"'History Painting for a Small Town,' Judy Southerland's show at Studio Gallery, began with text the local artist stenciled on a canvas, Pop Art-style. The paragraph summarizes the way people lived in villages a few generations ago, when most work was agricultural and the cutting-edge technology was the internal-combustion engine. What Southerland set out to explore, however, was not the substance of history painting, but it's literal ingredients."

"Wooden constructions suggest the material of canvas, frames and stretchers, but deconstructed into sculpture. More than a dozen medium-size pieces take the oval shape once common for portraits but don't depict the human form. Instead they showcase fabric, paper and wood; one simulates a page of notebook paper, precise expect that it's not rectangular. The closest Southerland comes to conventional picture-making is a series of pattern drawings made of blocks of dotted color. Here the parts cohere rather than fly apart." 

Mark Jenkins, art critic, The Washington Post, "History Painting for a Small Town," Studio Gallery

"In times of chaos and upheaval, creative people often turn to the most powerful tool available: the written word. The six artists in this group exhibition at WAS gallery entitled T.N.T. Text. are no exception. Some use words aggressively and publicly, others subtly and privately. Some look outward to the world around them and some look inward to the private world we create within ourselves. The text the artists choose to use becomes another tool in their arsenal, seamlessly integrating with all the other visual elements they incorporate, and not simply something they fall back on. The six artists in this group show at WAS gallery approach their content differently, but they all have one thing in common: they treat their studio not as a bunker, but as a war room."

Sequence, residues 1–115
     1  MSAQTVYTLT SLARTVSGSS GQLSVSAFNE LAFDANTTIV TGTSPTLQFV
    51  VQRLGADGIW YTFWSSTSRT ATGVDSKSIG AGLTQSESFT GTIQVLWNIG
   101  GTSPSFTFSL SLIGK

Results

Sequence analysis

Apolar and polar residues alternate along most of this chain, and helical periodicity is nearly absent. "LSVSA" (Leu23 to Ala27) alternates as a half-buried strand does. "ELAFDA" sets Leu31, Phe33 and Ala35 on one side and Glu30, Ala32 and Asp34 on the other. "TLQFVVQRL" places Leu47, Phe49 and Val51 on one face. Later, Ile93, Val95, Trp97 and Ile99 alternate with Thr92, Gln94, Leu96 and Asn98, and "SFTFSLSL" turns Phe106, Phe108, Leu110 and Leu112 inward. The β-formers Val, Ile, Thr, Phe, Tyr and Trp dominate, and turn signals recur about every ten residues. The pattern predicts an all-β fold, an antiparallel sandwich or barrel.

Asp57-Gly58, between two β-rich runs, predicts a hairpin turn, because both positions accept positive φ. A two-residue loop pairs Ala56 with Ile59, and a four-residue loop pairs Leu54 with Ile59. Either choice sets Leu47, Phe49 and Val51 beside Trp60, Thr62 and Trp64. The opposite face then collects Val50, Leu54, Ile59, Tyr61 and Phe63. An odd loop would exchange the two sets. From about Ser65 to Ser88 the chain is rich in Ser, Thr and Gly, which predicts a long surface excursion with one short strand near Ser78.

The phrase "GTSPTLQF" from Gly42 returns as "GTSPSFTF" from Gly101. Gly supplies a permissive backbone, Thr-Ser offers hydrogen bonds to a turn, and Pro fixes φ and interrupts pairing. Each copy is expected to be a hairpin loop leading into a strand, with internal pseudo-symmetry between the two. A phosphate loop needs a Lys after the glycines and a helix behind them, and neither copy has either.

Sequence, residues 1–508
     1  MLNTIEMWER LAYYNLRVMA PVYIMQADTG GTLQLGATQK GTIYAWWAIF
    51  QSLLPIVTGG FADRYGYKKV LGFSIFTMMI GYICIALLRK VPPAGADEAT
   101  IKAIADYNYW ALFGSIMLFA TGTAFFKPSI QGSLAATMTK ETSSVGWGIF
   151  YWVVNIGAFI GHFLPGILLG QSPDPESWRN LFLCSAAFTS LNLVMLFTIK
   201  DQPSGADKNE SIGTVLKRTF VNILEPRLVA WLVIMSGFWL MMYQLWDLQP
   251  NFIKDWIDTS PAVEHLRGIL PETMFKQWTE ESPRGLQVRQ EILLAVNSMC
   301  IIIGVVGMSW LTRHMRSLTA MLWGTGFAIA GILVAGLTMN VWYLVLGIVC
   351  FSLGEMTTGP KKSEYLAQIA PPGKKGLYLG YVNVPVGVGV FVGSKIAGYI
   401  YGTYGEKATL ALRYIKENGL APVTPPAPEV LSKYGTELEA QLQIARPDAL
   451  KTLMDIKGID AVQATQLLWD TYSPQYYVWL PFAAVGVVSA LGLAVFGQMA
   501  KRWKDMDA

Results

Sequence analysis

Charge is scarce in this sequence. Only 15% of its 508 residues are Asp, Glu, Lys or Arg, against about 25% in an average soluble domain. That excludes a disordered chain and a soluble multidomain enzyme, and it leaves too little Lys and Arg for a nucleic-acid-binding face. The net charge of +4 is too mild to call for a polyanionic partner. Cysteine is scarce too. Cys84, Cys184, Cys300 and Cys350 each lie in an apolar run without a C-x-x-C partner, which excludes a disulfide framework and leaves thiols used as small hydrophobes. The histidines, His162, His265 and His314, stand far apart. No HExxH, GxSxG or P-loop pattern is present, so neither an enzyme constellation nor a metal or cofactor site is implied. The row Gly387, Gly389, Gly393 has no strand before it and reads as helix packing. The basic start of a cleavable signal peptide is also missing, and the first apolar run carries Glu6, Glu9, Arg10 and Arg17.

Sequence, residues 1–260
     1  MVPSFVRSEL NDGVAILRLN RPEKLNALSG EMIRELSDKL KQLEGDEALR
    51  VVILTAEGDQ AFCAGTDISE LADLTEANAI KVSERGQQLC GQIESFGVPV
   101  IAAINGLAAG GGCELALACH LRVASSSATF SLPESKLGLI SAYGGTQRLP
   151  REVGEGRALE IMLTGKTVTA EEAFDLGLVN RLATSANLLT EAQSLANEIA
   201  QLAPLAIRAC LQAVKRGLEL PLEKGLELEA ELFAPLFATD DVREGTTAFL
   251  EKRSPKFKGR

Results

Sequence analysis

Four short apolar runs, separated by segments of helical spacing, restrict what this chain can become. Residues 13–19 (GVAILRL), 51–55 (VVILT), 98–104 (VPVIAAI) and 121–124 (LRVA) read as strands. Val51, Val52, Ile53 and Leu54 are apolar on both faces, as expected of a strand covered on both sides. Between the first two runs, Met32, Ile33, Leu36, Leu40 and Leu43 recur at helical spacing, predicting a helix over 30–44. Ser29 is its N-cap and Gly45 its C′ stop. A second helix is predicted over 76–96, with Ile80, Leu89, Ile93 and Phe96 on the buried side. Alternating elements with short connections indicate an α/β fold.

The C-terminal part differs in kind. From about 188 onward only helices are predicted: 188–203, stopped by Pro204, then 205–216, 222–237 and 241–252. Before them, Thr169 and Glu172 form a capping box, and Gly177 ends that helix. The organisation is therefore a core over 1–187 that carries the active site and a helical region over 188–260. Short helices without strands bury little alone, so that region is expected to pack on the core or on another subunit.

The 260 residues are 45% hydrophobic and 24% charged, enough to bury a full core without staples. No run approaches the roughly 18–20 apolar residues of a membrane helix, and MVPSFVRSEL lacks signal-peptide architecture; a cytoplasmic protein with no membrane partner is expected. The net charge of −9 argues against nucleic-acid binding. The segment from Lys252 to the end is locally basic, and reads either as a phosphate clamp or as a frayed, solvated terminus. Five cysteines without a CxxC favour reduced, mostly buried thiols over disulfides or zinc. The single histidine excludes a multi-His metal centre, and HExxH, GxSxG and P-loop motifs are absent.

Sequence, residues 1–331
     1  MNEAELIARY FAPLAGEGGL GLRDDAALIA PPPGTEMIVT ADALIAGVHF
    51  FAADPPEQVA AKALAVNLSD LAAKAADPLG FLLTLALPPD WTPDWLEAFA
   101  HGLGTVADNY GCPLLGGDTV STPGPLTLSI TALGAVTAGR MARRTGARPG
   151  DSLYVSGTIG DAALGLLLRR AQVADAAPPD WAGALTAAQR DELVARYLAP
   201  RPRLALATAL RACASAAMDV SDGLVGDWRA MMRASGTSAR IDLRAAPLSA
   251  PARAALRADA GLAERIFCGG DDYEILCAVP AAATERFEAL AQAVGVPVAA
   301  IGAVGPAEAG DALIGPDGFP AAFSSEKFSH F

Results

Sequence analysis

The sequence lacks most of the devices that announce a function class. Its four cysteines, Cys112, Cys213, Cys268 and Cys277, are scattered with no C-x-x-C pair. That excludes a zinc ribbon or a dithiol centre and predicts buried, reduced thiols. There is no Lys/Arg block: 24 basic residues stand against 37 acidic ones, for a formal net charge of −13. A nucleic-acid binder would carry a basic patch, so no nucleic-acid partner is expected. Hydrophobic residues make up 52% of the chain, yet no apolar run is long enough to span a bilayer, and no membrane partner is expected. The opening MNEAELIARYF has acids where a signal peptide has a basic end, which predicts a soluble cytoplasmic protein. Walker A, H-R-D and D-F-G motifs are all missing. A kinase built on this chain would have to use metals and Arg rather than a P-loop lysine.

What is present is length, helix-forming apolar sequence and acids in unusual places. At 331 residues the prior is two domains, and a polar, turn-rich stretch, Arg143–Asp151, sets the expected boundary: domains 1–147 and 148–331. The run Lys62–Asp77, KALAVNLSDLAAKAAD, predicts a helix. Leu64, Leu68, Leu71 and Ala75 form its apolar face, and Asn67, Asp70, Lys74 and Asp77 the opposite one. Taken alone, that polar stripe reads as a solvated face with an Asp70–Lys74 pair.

"About the work: Judy Southerland is the kind of artist who picks up things along the way, materials and experiences, and seamlessly blends them into her art-making processes. She incorporates traditional material such as paint with fabric and found objects, and then jumps to video and text. She has the enviable trait of being restless, always searching and examining everything around her and finding inspiration from a number of sources. Growing up in the American South and witnessing all the racial issues from her youth, she gained a distrust of words, seeing the hypocritical nature between what someone says and what someone does. Nonetheless, she decides to use them in her work." 

The Editorial Team, East City Art, DC's Alternative Art Source, "T.N.T Text", WAS Gallery

"'The spaces between dissolve in her emptiness.' That’s one of the cryptic poems Aliza Tucker whittled into existence by carving away the other words in a found document. Tucker sometimes uses language to make an image, as in a piece in which the outline of a lightbulb is drawn by the phrase “I have no idea” typed hundreds of times. Either way, Tucker’s work fits the theme of “T.N.T.Text” a six artist show at WAS Gallery."

"The most stylistically diverse work is by Judy Southerland who stencils words onto drawing-paintings that also include physical objects that loop to places beyond the picture plane. The artist, who contributes a video piece as well, has a "distrust of words," says curator Travis Childers's note. Perhaps Southerland's distrust extends beyond language, which is why her work is as open-ended as one of Tucker's cutaway poems." 

Mark Jenkins, art critic, The Washington Post, "T.N.T. Text," WAS Gallery